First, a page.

GM to Offer Buyout to 74,000 U.S. Workers

Action comes as company reports $38.7 billion loss

General Motors said Feb. 12 it planned to offer voluntary buyouts to all 74,000 members of its union-represented U.S. workforce, as it posted its biggest annual loss ever.

GM reported that it had lost a record $38.7 billion in 2007, mostly due to a writedown in accumulated tax credits in the third quarter that were expected to expire unused.

The buyouts would permit GM to make a further transformation of its workforce in the face of eroding market share, especially in North America. The company said it was offering $140,000 to employees with more than 10 years of service and $70,000 to others.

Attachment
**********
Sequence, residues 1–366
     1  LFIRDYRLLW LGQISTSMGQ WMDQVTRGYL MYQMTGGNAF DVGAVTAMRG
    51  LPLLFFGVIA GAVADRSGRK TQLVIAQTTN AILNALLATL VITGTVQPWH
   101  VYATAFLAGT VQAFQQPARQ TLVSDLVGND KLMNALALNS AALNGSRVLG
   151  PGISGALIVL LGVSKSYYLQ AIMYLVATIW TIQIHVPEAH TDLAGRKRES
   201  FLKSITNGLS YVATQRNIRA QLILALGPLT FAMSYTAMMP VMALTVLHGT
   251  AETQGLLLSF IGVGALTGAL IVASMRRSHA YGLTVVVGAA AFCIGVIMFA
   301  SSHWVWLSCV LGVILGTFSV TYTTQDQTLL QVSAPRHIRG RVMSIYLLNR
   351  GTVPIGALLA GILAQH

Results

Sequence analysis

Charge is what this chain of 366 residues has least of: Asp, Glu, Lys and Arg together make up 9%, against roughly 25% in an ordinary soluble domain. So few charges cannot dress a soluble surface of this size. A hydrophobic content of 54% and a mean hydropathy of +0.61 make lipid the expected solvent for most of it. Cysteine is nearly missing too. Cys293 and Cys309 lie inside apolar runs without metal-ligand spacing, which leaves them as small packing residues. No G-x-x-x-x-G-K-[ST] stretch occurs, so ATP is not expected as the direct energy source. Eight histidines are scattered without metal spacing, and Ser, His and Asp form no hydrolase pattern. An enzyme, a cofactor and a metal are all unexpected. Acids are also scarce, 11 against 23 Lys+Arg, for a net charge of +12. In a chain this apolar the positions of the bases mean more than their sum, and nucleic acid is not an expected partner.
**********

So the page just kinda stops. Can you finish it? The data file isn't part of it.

GM is offering early retirement pension incentives of $45,000 for production employees or $62,500 for skilled trades workers. Eligible employees can select from a variety of ways to receive their incentive.

The plan is an expansion of an agreement with the United Auto Workers on a "comprehensive special attrition program."

"We've worked with our UAW partners to ensure our employees have a variety of attractive options to consider," said Rick Wagoner, GM CEO. "The special attrition program is an important initiative that will help us transform the workforce."

Copyright Agence France-Presse, 2008

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